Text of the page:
The report aired on FOX 26 news Monday night. Henry said Tuesday he’d filed a criminal complaint against Cox, alleging the judge had used his position to access and leak confidential records that were part of a divorce proceeding initiated by Henry’s wife and sealed by court order.
Cox denied that accusation.
Henry also claimed the Texas Attorney General’s Office had appointed a special prosecutor to investigate an earlier complaint against Cox about the use of campaign funds in the long-running lawsuit between Cox and the county. Cox said he knows of no such investigation.
The various agencies that would be responsible for investigating the claims declined Tuesday to confirm whether the various complaints or investigations exist.
Henry confirmed that his wife had filed a complaint against him with the Texas Ethics Commission in February 2017. He declined to share a copy of the complaint, and said it had been resolved in June or July without any penalties against him.
“They dismissed it,” Henry said. “They asked us for documents. We turned over everything. They dismissed it.”
The complaint was about a transfer of $62,000 that Henry made from a campaign account to his business, according to the TV report. There was nothing untoward about the transfer, Henry said. He had been reimbursing himself for a personal loan made to the campaign, he said.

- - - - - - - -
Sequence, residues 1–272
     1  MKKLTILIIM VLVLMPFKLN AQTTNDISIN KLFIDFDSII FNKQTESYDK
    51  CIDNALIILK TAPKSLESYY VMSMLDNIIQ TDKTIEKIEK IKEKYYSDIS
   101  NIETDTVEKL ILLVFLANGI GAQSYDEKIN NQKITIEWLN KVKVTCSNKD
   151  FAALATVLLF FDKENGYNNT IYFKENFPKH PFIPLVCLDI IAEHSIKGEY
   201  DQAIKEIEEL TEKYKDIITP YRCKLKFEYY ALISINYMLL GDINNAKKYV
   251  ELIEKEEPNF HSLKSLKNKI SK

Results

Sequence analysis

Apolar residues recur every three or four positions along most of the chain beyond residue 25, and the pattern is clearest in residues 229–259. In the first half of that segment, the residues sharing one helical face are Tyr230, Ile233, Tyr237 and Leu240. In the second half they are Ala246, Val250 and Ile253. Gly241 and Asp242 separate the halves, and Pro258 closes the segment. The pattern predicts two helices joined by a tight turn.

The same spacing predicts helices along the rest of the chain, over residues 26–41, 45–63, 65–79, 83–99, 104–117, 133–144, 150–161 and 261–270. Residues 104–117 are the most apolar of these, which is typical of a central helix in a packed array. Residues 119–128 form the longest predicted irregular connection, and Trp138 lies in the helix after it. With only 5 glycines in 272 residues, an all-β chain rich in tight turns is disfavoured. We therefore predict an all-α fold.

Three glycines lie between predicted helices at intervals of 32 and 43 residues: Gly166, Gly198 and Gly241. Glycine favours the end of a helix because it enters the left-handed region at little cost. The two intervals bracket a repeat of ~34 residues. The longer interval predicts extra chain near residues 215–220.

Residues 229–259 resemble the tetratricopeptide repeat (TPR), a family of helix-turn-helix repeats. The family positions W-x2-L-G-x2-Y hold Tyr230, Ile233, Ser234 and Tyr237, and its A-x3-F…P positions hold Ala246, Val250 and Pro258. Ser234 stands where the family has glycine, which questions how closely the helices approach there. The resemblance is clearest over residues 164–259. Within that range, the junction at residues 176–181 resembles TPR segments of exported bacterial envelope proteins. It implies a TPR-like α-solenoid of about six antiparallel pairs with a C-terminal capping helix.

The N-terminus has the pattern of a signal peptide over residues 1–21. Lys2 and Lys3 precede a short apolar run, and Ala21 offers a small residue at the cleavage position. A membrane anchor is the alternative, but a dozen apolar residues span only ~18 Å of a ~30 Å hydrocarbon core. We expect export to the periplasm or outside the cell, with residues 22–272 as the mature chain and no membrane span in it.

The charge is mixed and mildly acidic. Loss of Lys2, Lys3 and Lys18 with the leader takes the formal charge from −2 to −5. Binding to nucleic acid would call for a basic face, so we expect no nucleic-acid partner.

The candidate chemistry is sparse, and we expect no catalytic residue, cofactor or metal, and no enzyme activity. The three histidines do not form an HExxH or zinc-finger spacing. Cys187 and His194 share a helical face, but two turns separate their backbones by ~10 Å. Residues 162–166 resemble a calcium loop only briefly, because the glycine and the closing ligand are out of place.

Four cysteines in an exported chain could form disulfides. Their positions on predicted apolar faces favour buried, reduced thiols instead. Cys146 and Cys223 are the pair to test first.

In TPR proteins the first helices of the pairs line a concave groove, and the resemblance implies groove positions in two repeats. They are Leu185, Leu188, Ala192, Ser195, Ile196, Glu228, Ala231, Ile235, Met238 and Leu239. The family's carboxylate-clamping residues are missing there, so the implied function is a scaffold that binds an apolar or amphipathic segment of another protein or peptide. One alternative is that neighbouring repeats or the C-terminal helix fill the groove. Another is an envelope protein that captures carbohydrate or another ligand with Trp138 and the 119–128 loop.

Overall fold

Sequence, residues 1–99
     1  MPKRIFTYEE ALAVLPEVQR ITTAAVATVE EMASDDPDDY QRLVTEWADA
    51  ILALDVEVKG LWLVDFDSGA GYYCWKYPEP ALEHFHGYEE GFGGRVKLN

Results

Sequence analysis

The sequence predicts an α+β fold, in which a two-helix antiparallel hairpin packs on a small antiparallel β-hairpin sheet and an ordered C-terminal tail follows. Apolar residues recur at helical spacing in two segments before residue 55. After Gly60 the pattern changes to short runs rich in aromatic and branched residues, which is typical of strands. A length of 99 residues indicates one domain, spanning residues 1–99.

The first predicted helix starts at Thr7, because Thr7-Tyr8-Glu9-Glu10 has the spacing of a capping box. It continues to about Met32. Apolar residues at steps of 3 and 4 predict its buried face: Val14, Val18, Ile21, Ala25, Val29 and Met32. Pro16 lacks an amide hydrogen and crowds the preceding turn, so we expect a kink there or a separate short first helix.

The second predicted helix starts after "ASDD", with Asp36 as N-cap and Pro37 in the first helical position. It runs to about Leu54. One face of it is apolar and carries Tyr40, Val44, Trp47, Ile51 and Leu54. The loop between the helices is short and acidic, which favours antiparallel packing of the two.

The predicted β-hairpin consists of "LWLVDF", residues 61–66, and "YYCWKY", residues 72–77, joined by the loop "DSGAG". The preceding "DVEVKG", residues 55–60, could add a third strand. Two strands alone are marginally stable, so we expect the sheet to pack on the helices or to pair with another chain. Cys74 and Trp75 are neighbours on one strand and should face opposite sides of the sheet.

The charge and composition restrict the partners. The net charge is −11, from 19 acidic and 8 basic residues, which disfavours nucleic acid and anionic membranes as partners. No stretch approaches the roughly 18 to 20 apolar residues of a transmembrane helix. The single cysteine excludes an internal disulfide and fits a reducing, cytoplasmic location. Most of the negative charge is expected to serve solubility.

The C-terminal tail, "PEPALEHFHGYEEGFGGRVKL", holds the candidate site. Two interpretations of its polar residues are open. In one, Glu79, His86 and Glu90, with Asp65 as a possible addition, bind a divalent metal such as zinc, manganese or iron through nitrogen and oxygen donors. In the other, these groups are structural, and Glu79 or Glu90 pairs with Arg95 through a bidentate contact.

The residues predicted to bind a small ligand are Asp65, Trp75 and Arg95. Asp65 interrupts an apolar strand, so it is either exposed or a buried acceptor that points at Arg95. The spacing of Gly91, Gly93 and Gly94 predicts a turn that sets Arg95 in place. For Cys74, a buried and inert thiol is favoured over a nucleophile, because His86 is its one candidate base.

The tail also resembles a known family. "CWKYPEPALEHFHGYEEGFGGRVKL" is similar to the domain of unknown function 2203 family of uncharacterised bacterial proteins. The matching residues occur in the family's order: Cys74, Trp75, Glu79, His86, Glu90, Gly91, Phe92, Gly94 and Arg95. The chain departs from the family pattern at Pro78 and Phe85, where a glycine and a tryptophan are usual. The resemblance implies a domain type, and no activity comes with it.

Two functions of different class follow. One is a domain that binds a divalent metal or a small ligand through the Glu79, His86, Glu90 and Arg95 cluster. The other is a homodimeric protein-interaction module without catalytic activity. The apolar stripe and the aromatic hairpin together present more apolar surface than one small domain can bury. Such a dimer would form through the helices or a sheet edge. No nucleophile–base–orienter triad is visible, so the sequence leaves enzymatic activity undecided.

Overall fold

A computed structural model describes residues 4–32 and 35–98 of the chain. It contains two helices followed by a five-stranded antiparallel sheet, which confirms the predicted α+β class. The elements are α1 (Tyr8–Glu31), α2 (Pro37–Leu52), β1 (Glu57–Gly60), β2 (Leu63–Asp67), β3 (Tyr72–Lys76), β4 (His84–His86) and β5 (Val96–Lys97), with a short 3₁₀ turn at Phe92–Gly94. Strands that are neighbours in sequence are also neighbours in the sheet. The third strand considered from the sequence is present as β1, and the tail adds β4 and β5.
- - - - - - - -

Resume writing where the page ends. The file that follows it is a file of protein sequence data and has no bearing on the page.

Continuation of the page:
“I don’t understand how it’s a story,” he said. “I loaned to my campaign and I paid it back. Not even all of it. I only paid part of it back.”
Henry and his wife, Amy Henry, are still married. Civil court records show two different divorce cases between the couple, both in 2017. Henry said Tuesday he and his wife were reconciling.
A spokesman for the Texas Ethics Commission said Tuesday he was barred by state law from confirming whether a complaint had previously been filed against Henry. The commission confirms complaints only if a person has been found to have broken election laws and ordered to make some sort of restitution, he said.
No such orders have been issued against Henry, according to records posted on the commission’s website.
Henry said he believes Cox used his position as a district court judge to access sealed records, copy them and leak them to allies and the media.